For example, sickle cell anemia can cause tiredness as well as severe pain. When seeking pain management consulting, one must realize that this resource is just part of a larger system that is often stacked against Black people and their healthcare. How accessible is pain management for Black kids and adults living or caring for sickle disease? Health disparities related to race and socioeconomics is a major factor why patients affected by sickle cell disease (SCD) frequently do not receive adequate pain management: Physicians and nurses hold false beliefs.
“SCD patients are often perceived as drug-seekers or addicts and might display behaviors in interactions with providers that are misperceived as being characteristic of substance abuse,” according to an article published in The Clinical Journal of Pain.
With that being said, the Colemans are adamant about maintaining healthy communication with Nazareen and those around her so that her well-being is priority.
Proactivity at its finest
At first, Tevin and Akilah were hesitant to share their baby girl’s diagnosis with the world. They are now proud to instill confidence in Nazaneen, who has stood firmly in her bravery while at school. She would tell her teachers to call her parents if she felt any pain.
“Princesses need their beauty sleep,” Akilah would tell her daughter. To support their daughter, the Colemans developed a game plan to create relationships with doctors and find a medical network of resources who knew them and who they knew they could trust. Sickle cell is not one-size-fits-all, so the Coleman tribe is taking the proactive and preventative approach.
From spa days and rest to massages and healthy food consumption, Tevin and Akilah only want to protect their daughter through self-care practice and advocacy. Tevin makes it his business to maintain hydration, a healthy lifestyle, and mobility, thanks to the resources he receives in football and beyond.
“When she has her aches and her pains, we try to protect her innocence. I think that’s a huge part of raising Black children is protecting their innocence because society will try to force them to grow up sooner than what they deserve. They deserve to be children,” Akilah explains.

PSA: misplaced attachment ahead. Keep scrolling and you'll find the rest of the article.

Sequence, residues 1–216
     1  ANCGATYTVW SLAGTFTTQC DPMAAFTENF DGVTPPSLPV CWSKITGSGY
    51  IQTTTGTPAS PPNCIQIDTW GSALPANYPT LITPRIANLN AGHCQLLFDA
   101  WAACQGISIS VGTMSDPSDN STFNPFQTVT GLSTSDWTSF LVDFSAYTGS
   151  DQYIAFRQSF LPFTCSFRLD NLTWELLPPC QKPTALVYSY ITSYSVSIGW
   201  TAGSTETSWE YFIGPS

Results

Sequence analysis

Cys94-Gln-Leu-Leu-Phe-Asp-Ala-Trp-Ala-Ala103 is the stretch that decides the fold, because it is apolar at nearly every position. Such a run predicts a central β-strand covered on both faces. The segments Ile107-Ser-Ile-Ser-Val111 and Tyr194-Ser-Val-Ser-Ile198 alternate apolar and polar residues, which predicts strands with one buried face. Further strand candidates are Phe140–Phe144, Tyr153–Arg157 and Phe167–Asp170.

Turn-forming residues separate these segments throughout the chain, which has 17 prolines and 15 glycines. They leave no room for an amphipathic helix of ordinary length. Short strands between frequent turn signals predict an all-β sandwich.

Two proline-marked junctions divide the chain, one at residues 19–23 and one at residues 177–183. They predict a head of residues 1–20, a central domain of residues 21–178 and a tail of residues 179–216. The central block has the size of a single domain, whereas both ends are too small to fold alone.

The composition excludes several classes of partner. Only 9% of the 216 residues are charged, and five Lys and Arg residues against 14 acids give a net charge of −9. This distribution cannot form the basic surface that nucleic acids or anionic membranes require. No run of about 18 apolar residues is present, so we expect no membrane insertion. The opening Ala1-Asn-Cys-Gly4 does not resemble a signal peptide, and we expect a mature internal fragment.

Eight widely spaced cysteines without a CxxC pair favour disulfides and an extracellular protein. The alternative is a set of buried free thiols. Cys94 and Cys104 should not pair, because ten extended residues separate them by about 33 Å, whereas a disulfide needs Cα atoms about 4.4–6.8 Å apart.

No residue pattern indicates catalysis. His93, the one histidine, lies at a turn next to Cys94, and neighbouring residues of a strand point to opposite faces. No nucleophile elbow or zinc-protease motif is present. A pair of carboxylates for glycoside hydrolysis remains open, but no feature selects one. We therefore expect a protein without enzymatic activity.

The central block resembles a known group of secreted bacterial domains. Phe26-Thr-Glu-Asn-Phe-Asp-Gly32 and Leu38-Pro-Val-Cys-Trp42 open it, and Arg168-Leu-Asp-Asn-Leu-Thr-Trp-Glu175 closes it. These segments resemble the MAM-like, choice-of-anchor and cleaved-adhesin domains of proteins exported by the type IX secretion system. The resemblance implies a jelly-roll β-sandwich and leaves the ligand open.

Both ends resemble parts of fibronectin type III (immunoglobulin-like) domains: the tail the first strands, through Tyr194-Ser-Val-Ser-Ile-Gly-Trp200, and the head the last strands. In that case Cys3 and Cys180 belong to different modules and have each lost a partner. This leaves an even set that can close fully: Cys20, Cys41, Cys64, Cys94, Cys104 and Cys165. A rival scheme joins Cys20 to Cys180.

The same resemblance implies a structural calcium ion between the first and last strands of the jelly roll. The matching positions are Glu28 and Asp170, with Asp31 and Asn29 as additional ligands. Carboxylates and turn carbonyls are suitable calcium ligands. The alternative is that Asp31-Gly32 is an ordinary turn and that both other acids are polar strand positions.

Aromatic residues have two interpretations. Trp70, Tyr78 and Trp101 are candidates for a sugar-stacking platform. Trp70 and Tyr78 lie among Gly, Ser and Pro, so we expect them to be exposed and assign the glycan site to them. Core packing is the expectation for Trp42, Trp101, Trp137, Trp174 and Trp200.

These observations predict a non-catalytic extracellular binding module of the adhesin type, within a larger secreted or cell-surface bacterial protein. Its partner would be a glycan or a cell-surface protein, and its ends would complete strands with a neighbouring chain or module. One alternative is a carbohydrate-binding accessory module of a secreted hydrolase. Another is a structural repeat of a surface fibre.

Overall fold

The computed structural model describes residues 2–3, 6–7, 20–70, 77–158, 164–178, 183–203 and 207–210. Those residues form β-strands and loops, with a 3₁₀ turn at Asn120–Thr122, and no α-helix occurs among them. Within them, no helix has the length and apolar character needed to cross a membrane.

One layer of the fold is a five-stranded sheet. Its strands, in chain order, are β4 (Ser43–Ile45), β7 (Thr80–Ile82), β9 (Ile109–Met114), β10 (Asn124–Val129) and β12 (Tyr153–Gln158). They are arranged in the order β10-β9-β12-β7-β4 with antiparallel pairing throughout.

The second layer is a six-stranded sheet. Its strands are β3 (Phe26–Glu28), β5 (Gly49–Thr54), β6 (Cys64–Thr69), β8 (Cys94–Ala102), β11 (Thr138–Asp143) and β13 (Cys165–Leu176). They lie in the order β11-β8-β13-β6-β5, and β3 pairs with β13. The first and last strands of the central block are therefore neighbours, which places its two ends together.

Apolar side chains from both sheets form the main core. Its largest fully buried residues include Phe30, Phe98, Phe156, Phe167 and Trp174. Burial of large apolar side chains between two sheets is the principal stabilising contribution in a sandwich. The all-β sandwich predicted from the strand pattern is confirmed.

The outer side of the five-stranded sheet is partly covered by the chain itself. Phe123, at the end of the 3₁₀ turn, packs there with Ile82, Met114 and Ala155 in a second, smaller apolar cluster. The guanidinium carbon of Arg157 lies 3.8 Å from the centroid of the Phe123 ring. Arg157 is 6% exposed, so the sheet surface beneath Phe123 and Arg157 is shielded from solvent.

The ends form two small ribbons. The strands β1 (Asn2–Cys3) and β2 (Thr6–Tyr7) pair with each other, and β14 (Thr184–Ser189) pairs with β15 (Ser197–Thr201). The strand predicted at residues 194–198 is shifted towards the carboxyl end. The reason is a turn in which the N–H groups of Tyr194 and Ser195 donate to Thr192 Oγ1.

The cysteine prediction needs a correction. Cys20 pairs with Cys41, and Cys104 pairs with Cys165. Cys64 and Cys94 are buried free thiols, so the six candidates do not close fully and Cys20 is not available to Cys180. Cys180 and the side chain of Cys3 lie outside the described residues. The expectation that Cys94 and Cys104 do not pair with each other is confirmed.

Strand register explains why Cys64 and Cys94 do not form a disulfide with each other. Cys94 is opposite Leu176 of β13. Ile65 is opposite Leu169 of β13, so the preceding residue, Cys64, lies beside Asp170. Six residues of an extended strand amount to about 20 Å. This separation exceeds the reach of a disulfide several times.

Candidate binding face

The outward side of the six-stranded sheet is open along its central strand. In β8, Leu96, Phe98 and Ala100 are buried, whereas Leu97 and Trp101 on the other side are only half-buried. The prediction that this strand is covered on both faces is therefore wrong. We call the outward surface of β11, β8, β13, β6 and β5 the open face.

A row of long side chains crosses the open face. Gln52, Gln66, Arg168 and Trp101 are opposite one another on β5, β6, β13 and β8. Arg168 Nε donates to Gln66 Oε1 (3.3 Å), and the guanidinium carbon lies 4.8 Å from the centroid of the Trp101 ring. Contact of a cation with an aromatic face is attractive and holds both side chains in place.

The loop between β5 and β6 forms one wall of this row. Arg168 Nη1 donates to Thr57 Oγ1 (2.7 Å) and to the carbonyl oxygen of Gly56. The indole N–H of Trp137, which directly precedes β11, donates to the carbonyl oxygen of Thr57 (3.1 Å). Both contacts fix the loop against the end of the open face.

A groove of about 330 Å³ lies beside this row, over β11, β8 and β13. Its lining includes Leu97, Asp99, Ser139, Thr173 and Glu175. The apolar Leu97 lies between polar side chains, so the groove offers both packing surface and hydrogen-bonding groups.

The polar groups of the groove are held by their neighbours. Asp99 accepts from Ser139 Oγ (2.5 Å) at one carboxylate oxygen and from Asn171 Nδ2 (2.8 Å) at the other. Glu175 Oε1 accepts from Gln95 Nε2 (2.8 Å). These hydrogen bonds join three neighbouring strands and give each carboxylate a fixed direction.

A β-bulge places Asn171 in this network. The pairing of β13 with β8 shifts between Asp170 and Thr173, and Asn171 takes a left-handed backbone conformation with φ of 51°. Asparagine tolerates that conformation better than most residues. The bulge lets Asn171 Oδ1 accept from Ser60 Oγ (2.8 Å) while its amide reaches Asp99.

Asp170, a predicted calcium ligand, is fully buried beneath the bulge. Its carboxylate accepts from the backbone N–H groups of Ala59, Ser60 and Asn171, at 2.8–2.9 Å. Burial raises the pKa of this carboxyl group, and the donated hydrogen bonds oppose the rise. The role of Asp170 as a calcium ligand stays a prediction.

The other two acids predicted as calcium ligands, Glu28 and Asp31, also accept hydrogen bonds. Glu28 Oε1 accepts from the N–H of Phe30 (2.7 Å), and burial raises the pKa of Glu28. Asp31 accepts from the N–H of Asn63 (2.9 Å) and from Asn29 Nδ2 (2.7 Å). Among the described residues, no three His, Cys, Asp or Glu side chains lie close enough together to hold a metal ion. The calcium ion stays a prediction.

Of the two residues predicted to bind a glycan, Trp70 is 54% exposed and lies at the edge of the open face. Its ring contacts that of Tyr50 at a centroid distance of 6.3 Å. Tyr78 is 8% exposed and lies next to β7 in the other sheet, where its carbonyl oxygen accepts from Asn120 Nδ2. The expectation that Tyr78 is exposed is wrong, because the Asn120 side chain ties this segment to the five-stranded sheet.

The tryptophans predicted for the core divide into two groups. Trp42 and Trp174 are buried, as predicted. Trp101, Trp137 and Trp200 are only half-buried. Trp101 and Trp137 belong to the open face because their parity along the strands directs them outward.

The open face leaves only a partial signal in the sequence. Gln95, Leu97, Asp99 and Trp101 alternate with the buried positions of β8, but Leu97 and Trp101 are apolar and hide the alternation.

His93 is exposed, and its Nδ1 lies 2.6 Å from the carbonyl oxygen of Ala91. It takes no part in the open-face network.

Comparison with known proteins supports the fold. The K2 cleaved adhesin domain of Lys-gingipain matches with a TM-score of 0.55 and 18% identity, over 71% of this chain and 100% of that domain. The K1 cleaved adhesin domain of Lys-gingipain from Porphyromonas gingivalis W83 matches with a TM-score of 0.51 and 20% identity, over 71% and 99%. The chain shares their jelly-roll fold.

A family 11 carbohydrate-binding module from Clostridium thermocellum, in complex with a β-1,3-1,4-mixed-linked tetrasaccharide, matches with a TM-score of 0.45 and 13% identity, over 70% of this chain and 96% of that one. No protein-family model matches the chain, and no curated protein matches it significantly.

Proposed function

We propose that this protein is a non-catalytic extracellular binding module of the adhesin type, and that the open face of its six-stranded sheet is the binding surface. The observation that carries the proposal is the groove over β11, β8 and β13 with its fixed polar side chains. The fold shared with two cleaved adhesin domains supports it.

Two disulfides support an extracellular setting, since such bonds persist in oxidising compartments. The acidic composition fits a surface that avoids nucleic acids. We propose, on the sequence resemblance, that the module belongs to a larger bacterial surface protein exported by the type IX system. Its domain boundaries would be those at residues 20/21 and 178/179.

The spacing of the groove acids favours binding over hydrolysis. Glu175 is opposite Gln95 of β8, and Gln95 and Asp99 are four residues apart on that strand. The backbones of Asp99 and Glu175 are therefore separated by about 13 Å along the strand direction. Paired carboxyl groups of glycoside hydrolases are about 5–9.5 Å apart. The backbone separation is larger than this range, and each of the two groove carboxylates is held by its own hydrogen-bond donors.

She continues: “We try to create a very healthy environment for her. Her healthcare is our healthcare. We tell her that it’s self-care. Whatever she needs, we tell her, “It’s OK if you’re tired, you sleep, you rest. You have nothing to prove.'”
Creating a safe and confident environment
In 2017, the U.S Food and Drug Administration (FDA) approved two new drugs to help treat sickle cell disease, the first in nearly 20 years. More recently, Pfizer acquired Global Blood Therapeutics for $5.4 billion to breathe new hope in building a pipeline of innovative sickle cell disease treatments.
“Thankfully, significant research into the mechanisms of SCD and the medicines to treat it have emerged in earnest over the past 10-plus years and with that we are gaining new, continual insights into the medical impact of this disease and the innovations needed to address it,” says Smith-Whitely.
Today, scientists and patient advocates continue to reach new patients and communities with the Colemans. As advocates, the determined family has previously visited hospitals and state houses to spread awareness about SCD and educate others on how to gain access to resources and exercise their rights.
“We have multiple goals that we’re trying to reach within our community,” Akilah says. “One of them is vocalizing how important it is to find the right healthcare team. There’s such a stigma on people of color in the medical system. We lack trust there. For us, I know this is our survival. We need our care team for our daughter.”
To reach a larger audience, the Colemans have partnered with Pfizer to speak freely and to create a safe and confident space. Akilah mentioned that some of the members of the team have met Nazaneen, making the partnership a more personable experience.
While Pfizer addresses long-standing disparities in treatment and care of those living, or caring for someone, with this disease, Tevin and Akilah are uplifting the Black community.
“If it affects one of us, it affects all of us,” says Akilah.